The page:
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Improving mental health to foster a better industry; an interview with BAFTA and Safe In Our World

Improving mental health to foster a better industry; an interview with BAFTA and Safe In Our World

Working towards a better, healthier future

Our mental welfare is so important, yet it gets all too easily neglected both by ourselves and external forces. As an industry, video games have borne the brunt of misconceptions about their impact on mental health for decades; and while a shift in attitudes has finally occurred, much work still needs to be done.

This is where industry giants like BAFTA come into play. They work with invaluable charities like Safe In Our World to champion the importance of raising awareness, but also in seeing that awareness turns into supportive action.

For the last two years in a row, these two intuitions have joined forces to create a mental health event to help bring this issue to the forefront of our minds. Filled with a whole host of experts, its aim is to provide a “dedicated day” that addresses “mental health issues” the industry faces.

Discussions on four-day work weeks, social mobility, building resilience, and other vital workshops took place throughout the day of 3 June. I was eager to attend, given my own experiences with mental illness, yet, on the day of the event, as I waited for the train, I suffered a severe panic attack. Ironically, as I waited to attend a mental health workshop, my own mental health decided to remind me of the hold it has over my life; over my experiences.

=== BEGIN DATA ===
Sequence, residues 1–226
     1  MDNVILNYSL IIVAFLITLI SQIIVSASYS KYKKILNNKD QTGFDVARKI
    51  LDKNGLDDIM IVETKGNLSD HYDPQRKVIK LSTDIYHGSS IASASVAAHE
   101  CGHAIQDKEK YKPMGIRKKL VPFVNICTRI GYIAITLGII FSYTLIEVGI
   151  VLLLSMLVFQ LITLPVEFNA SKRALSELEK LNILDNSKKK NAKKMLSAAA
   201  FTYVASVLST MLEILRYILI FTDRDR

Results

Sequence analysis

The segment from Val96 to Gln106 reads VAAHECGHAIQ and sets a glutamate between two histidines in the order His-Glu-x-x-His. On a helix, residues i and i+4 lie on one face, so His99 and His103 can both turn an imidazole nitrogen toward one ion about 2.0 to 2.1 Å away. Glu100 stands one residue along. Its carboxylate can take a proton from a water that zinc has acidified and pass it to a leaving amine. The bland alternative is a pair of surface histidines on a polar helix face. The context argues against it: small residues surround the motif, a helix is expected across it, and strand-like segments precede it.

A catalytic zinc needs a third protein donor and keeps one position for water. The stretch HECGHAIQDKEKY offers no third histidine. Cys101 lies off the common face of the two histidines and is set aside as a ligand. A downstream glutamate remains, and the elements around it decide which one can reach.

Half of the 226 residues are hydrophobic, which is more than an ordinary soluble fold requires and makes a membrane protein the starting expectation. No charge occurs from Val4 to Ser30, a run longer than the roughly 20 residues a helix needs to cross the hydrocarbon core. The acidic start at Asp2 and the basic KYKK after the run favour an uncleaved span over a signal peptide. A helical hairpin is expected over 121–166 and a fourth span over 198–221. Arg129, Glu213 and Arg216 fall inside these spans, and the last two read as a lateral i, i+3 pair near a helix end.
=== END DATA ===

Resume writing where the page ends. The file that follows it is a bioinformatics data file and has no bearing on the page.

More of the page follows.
To be humbled like that in such a public setting was incredibly distressing. Yet, it also emboldened me. Not in the moment, of course, but afterwards, when the fear had subsided. I wanted to do more than write about the event, as important as it is, and instead focus on its aftermath; to delve into the work that continues once the BAFTA HQ doors are closed.

This isn’t just about the representation of mental health within the medium, but also how it affects those creating the games we’re so captivated by. Arguably, it’s an aspect of the discussion that rarely sees the light of day, nor is it taken as seriously when debating the merits and cons of the impact of games on the mind.

“Video games are a powerful tool to hold discussions around serious issues such as mental health and mental illness, and offer players a unique opportunity to empathise and gain a greater understanding of these topics by being part of the story,” details Safe In Our World’s partnerships and training manager, Sky Tunley-Stainton. “In order to continue sharing these experiences, it’s imperative that we support the people who are making the games that we love.”

BAFTA’s head of games, Luke Hebblethwaite, reaffirms this stance saying, “There are a multitude of pressures on people within our sector – some that are unique to games, but many that are also common to people in all kinds of roles. Our aim is to help address those challenges and improve the working lives of everyone in our industry, whatever your role.”

It’s easy to speak of awareness, but it’s only through actions that we’ll reap the benefits we keep referring to yet rarely seeing. Arguably, this is what’s spurred on BAFTA and Safe In Our World: so we’re not doomed to repeat only a performative display of mental health advocacy.